In re Kao

May 26, 2011 – Blog Post

In re Kao, ___ F.3d ___ (Fed. Cir. 2011) (Appeal 2010-1307 from BPAI decision in U.S. Application Serial No. 11/680,432; Appeal 2010-1308 in Serial No. 12/167,859; and Appeal 2010-1309 in Serial No. 11/766,740), pertains to a group of three appealed cases from the BPAI following the BPAI’s affirmations of the Examiners’ conclusions of obviousness in these applications directed to controlled-release tablets containing oxymorphone.

The claims at issue were (A) in the ’432 application, oxymorphone tablet formulation of a particular dissolution rate, (B) in the ’859 application, a method of treatment over at least 12 hours, wherein the bioavailability is higher in a fed subject versus a fasting subject, and (B) in the ’740 application, a method of extended pain relief comprising informing a subject that the improved effect of administration with food.

The Examiner’s obviousness rejections primarily relied on WO 2001/008661 (Maloney), which disclosed controlled-release opioid (oxycodone) formulations. During prosecution and in response to those obviousness rejections, the Applicant submitted declarations:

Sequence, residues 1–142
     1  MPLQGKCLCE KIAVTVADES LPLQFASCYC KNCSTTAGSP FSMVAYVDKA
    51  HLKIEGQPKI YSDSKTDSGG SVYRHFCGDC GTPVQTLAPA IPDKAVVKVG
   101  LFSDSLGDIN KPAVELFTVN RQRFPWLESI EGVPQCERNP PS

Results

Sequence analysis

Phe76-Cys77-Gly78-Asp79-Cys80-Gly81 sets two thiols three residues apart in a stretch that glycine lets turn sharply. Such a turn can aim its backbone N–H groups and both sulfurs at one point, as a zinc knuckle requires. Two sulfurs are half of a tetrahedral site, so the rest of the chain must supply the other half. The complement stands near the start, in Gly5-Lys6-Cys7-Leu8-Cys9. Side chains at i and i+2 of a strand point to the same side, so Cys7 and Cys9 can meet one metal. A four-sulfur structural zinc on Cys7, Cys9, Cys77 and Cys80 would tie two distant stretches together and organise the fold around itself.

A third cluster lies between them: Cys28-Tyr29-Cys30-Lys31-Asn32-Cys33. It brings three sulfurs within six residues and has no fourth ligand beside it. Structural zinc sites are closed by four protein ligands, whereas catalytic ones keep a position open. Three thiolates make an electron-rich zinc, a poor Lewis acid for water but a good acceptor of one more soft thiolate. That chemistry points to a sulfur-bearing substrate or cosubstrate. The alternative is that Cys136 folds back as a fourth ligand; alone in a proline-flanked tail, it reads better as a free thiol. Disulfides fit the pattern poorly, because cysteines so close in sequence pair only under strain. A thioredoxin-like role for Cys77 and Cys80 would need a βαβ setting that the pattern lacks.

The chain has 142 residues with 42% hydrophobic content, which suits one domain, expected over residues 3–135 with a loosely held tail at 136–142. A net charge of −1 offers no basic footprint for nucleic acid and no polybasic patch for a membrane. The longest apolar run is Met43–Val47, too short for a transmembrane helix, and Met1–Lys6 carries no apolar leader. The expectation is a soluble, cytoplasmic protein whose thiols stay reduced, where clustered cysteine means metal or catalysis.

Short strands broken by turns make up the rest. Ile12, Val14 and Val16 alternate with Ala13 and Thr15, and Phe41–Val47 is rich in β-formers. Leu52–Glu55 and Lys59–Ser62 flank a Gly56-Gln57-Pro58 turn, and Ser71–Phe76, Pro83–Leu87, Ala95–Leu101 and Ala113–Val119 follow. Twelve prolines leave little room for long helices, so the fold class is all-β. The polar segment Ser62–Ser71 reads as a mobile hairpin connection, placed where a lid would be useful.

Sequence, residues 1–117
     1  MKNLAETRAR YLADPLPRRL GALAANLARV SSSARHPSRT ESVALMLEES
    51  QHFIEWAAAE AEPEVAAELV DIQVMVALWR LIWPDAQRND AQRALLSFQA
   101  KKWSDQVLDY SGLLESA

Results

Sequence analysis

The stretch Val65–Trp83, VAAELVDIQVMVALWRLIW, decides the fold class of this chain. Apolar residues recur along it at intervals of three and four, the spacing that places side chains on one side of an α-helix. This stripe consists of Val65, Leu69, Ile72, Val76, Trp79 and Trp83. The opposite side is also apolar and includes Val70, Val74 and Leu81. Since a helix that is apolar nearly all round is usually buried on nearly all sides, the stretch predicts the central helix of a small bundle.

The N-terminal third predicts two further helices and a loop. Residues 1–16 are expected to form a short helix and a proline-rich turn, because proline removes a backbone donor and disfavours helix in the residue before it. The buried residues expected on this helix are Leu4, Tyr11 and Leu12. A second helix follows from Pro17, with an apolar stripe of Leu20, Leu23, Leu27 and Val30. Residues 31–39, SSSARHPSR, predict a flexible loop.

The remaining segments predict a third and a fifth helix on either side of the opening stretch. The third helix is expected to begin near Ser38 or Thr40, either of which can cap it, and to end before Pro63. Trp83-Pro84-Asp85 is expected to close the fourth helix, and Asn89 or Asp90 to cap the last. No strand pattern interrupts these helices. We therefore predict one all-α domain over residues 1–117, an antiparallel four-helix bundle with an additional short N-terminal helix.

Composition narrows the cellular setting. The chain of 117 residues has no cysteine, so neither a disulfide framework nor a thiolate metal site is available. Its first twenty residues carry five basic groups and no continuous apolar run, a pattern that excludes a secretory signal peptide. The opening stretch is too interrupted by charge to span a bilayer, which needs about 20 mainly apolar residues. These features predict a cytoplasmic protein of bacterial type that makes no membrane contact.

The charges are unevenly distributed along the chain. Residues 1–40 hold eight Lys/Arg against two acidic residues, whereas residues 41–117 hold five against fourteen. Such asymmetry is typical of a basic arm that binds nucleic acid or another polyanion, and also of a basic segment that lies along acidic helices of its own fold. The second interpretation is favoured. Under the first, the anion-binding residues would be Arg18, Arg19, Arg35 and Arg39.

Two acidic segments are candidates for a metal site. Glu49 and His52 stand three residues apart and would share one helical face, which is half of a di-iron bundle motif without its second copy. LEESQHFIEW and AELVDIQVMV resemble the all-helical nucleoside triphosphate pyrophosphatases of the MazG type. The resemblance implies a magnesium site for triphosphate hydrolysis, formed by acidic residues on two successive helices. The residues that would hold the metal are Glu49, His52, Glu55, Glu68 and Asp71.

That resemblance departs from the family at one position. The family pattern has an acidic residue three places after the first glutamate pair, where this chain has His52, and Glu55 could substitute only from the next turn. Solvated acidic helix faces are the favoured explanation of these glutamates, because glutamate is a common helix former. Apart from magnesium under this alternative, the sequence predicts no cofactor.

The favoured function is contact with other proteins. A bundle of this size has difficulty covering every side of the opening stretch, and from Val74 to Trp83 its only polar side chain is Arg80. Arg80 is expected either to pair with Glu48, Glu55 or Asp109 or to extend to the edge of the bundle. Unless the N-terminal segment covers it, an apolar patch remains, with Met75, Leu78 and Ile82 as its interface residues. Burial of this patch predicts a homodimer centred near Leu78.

• explaining that the dissolution profile of the claimed oxymorphone and Maloney’s oxycodone (differing only in a methylation of the 9-OH group) formulations give markedly different bioavailability which was not obvious;
  • explaining that the controlled release of claimed morphone formulations show unexpected results - multiple peaks in oxymorphone blood concentration, which decrease the likelihood of tolerance development; and
  • showing evidence of commercial success of one marketed embodiment, Opana® ER.

In the ’432 application, the Examiner nonetheless concluded that the declarations were insufficient to show that Maloney did not suggest the claimed dissolution profile. Furthermore, the Examiner found that the evidence of unexpected results and commercial success were not commensurate with the scope of the claims, as these results were only shown for one embodiment, i.e. Opana® ER. The BPAI affirmed each of the Examiner’s positions, further relying on Maloney’s identification of oxymorphone as a preferred opioid.

In the ’859 application, the Examiner rejected the method of treatment as obvious since all elements of the formulation were generally disclosed for a formulation with oxycodone in Maloney. The BPAI affirmed the Examiner’s rejection and found that the declarations rebutted obviousness only for the single embodiment shown.

In the ’740 application, the BPAI also affirmed the Examiner as the correlation of renal impairment and bioavailability of oxymorphone while perhaps not previously known, was held to be inherent